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Lime is ahead of the scooter game, by implementing a street team this upcoming weekend. Lime Patrol members will help aid users with their scooter system, answer questions, and correctly place mis-parked scooters.
Their main goal is to be on the lookout for individuals riding on the sidewalks and issue $25 fines to anyone driving incorrectly.
This comes after the City of Kelowna recently released its e-scooter report on how these new modes of transportation have impacted the city in the past 45 days.
Since launch approximately 77,000 rides have been made which equates to almost 1,700 trips per day in the past month. In a survey done by the city it was discovered that 40-56% of those trips actually replaced driving trips.
With people replacing the car for the scoot in Kelowna, it's estimated that this could take 274,000km of vehicle travel off the road, and decrease vehicle emissions by 50 tonnes each year.
The research showed many environmental benefits, but also shed light on the negatives that have come along with scootering. Some of the most common concerns are improper parking, people riding on the sidewalk, not wearing helmets, people double riding, and operating e-scooters while intoxicated.
To address these concerns the city has created some recommended actions to scooter companies to better protect individuals zooming down the street. The recommendations are as followed:
-An intoxicated riding pledge or cognitive test will have to be completed before unlocking an e-scooter in the evening to reduce the likelihood of impaired riding. Operators without a feature like this will not be able to operate between 8pm and 4am.
-Late-night riding restrictions will also be put in place. Between the hours of 10:30pm and 4 am, you won't be able to ride a scooter in the downtown area from Sutherland to Recreation and Richter to the lake.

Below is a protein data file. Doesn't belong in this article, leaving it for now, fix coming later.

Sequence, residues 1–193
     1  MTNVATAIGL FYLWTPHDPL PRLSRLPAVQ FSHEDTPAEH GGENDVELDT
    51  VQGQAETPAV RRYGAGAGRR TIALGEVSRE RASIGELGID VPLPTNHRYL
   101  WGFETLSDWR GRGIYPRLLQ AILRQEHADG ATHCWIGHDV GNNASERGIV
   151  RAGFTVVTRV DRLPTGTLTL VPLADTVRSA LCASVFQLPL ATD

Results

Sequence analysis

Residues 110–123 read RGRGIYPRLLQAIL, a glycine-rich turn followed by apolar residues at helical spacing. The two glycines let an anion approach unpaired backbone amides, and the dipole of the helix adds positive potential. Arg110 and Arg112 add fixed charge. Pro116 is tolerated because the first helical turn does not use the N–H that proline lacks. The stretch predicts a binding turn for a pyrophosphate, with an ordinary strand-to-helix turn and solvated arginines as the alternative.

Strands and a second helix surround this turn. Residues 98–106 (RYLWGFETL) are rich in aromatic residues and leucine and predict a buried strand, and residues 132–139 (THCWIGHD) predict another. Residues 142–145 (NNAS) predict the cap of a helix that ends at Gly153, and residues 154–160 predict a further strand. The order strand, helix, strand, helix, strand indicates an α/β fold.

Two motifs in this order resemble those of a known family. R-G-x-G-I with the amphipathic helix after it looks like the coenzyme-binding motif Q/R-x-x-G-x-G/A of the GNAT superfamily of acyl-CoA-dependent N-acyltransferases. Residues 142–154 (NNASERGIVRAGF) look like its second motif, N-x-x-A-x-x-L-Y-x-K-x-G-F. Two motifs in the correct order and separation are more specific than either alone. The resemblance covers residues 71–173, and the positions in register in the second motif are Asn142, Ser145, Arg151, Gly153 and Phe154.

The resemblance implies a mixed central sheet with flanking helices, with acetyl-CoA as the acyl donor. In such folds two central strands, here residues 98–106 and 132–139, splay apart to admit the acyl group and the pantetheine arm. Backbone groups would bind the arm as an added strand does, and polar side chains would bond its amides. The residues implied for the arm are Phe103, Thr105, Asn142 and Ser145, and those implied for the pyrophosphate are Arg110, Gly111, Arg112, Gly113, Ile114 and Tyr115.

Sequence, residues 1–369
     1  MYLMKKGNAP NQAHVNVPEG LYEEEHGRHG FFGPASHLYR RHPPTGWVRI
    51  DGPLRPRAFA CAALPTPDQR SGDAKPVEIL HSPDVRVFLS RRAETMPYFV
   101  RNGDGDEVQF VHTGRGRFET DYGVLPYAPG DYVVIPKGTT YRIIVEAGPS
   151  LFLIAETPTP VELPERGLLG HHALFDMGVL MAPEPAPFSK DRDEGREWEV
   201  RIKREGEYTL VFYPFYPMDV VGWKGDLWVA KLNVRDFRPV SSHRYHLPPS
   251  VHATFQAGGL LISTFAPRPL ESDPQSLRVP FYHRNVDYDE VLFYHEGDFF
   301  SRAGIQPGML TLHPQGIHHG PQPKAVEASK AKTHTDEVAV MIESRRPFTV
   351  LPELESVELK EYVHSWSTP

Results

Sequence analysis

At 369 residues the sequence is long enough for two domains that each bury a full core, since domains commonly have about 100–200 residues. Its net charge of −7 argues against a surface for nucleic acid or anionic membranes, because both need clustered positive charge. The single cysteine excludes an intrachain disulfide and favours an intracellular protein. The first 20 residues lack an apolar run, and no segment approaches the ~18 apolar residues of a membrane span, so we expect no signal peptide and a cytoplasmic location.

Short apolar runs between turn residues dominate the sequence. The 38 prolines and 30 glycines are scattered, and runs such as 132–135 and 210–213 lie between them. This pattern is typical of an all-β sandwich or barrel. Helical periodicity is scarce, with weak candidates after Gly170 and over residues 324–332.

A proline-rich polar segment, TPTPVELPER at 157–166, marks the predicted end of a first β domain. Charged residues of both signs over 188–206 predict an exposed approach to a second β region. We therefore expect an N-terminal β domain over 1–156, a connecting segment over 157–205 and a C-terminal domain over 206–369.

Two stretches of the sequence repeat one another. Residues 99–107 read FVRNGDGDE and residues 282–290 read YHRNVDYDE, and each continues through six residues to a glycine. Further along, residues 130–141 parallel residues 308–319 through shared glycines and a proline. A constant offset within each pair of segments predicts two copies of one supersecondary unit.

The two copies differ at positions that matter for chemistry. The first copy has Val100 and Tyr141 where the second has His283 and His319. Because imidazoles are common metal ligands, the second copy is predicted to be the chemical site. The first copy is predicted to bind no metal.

-E-scooters to be restricted to 13km/h along the waterfront and city parks, which is slower than the average speed of a bicycle.
-Sidewalk riding detection is also in the works and could be implemented to deter people from driving on the sidewalk. This action could allow for scooter companies to issue fines to the customer’s account for violating terms of the rental agreement.
-Scooter companies will be required to staff street teams that encourage safe operation of the scooters, educate beginner riders, and deliver fines and warnings to those operating them unsafely.
-Limits on the amount of scooters being delivered downtown will now be brought down to 35% of the companies vehicles, to limit overcrowding and encourage operators to serve in new neighbourhoods in the city.
-A new feature on some of the apps will offer users the chance to take a “Helmet Selfie” which will actually give a discount or provide them with credits for operating safely.
The scooter industry in years past used to provide free helmets to their riders, but with safety and health concerns it was no longer viable. Soon Kelowna will offer free helmets at the Visitor Centre to ensure a safer ride.
Accompanied with the long list of recommendations came a letter from Interior Health providing additional information about the health evidence linked to scootering.
Interior Health greatly encourages active transportation to increase the physical and mental well-being of individuals, but warns of the potential risks that come with driving a scooter.
Data from Alberta Health Services suggests one person was seriously injured and admitted to the hospital per 100,000 e-scooter rides, and estimated a much higher number of injuries that didn't result in hospital admission, at a rate of one per 1,500 rides.
Although data is still being collected on the amount of injuries happening locally, Interior Health suggests that scooters offer a “novel, convenient, and fun way to get around and contribute to a vibrant community by expanding recreational options.”
For more information on scooters in Kelowna you can look here.
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